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Health-Care Bill Causes Confusion About Coverage for Congress

Asked about the reported 'drafting error,' a Capps aide says much of the legislation is 'subject to interpretation'

As part of the newly enacted federal health-care reform law, members of Congress and their personal staff will no longer be covered by the Federal Employee Health Benefits Plan, but will use state-based exchanges instead.

But a Congressional Research Service memo states that by leaving out a specific date for the transition to happen, Congress may have signed itself up to leave its insurance policy three weeks ago when President Barack Obama signed the bill into law.

The memo says that because of a “drafting error, it is unclear whether members of Congress and congressional staff who are currently participating in F.E.H.B.P. may be able to retain this coverage,” according to The New York Times.

The Federal Employee Health Benefits Plan covers about 8 million people, and the government generally contributes 72 percent of the overall weighted average or 75 percent of the total premium, according to the federal Office of Personnel Management.

Sen. Charles Grassley, R-Iowa, added the amendment that would require the switch from government insurance and mentioned a 2013 start date, National Public Radio reported. But the final legislation made no such mention of a start date, which has led to the confusion.

According to The New York Times, the transition would occur on the date of enactment unless otherwise specified — which would have been March 23, the date Obama signed the bill into law, setting off the most sweeping transformation of the U.S. health-care system in history.

“The confusion raises the inevitable question: If they did not know exactly what they were doing to themselves, did lawmakers who wrote and passed the bill fully grasp the details of how it would influence the lives of other Americans?” The Times article asked.

An aide in the office of Rep. Lois Capps, D-Santa Barbara, told Noozhawk on Wednesday that Capps was unable to comment and said that, as a rule, congressional policy aides are “not authorized to talk on the record.”

The aide said her understanding was that nothing would happen until 2014, adding that the intention of the amendment was to provide greater protections for everyone else and that noncongressional federal employees wouldn’t see any changes to their plans. It’s also not clear which state-based exchange they would use, as members and staff of the Senate and House have offices in Washington, D.C., and their home states.

“So much of the bill is subject to interpretation and rule-making,” the aide said.

Capps has long supported the health-care reform bill — in many, if not all, of its forms — and advocated for a public option and eliminating co-pays for preventive medical treatment.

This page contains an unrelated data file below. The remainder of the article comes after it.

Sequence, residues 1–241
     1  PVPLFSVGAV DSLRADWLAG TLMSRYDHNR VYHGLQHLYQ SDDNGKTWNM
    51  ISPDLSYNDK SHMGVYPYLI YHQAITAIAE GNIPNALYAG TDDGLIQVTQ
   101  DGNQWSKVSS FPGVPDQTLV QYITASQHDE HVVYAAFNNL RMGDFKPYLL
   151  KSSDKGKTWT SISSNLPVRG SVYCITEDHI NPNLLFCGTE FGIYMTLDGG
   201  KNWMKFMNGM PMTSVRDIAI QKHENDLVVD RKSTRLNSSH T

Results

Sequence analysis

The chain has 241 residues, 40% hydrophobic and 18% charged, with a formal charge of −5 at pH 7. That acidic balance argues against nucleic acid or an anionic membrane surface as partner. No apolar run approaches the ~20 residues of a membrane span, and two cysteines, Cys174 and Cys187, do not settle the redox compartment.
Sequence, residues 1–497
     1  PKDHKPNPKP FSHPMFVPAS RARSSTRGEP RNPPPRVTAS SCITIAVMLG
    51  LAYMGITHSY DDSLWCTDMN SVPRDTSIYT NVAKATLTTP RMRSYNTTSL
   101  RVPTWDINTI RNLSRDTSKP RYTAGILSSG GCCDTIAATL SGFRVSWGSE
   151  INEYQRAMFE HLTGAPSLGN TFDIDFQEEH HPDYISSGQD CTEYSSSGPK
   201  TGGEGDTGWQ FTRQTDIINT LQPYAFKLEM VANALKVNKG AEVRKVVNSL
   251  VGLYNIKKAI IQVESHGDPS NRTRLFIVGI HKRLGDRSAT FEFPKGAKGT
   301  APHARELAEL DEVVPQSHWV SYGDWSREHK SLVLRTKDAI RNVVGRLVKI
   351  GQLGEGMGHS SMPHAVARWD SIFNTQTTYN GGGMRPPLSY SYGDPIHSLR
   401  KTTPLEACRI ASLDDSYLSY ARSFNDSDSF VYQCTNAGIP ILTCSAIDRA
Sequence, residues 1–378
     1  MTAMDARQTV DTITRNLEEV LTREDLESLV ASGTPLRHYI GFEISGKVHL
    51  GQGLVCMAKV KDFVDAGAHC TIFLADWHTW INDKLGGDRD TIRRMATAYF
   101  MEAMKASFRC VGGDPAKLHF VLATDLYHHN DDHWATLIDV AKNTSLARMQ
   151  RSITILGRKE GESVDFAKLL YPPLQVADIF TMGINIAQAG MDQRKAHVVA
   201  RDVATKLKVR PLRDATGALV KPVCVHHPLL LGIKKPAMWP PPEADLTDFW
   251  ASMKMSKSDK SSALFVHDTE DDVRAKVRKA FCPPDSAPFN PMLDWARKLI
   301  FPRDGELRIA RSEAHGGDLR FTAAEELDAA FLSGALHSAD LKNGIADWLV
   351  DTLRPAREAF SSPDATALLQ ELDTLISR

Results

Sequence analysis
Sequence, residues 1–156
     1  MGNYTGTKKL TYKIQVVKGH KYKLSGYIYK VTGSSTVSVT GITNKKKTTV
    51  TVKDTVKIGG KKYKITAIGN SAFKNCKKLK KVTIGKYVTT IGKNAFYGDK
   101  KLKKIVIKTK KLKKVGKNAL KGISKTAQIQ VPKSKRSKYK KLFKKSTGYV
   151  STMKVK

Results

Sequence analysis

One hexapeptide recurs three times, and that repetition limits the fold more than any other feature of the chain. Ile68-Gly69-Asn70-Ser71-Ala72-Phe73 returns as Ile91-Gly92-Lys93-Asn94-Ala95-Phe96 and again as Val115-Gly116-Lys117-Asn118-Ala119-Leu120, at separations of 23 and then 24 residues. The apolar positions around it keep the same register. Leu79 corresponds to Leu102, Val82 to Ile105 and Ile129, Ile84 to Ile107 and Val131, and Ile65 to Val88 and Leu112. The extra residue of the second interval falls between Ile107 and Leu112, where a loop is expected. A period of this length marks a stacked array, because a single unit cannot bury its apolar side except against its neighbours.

In a September Q&A interview in Noozhawk, she answered our — and readers’ — questions about health care. A hot issue was whether elected officials voting on the legislation would exempt their own health care plan or receive the same coverage as everyone else.

“The health plans that cover all federal employees, including members of Congress, will be subject to the same rules and regulations that all other plans will have to comply with,” Capps responded.

In its final form, the 2,310-page bill makes no changes to federal employee plans beyond congressional members and staff. However, Grassley’s amendment as it appears on his Web site, in an earlier form, would include the president, vice president, members of Congress, political appointees and congressional staff. It was dubbed the “Health Reform Accountability Act.”

If members of Congress have been uninsured for the past three weeks, it’s unclear at this point what action — if any — would be taken.

In an NPR story on the memo, health-policy correspondent Julie Rovner said “a judge would obviously see the lack of a date as what it is, which is a mistake. And I think before it ever got to that point, Congress will almost certainly fix it in some kind of a technical change.”

On March 20, the House voted 219-212 to pass the Senate’s previously approved health-care measure. Capps voted for the bill, which was opposed by all 178 Republicans and 34 Democrats. Soon after, the House voted 220-211 to approve a companion bill making changes to the Senate legislation. All Republicans voted against that bill, as did 33 Democrats. The Senate later voted 56-43 to accept the House changes, with all Republicans opposed.

Noozhawk staff writer Giana Magnoli can be reached at .(JavaScript must be enabled to view this email address).

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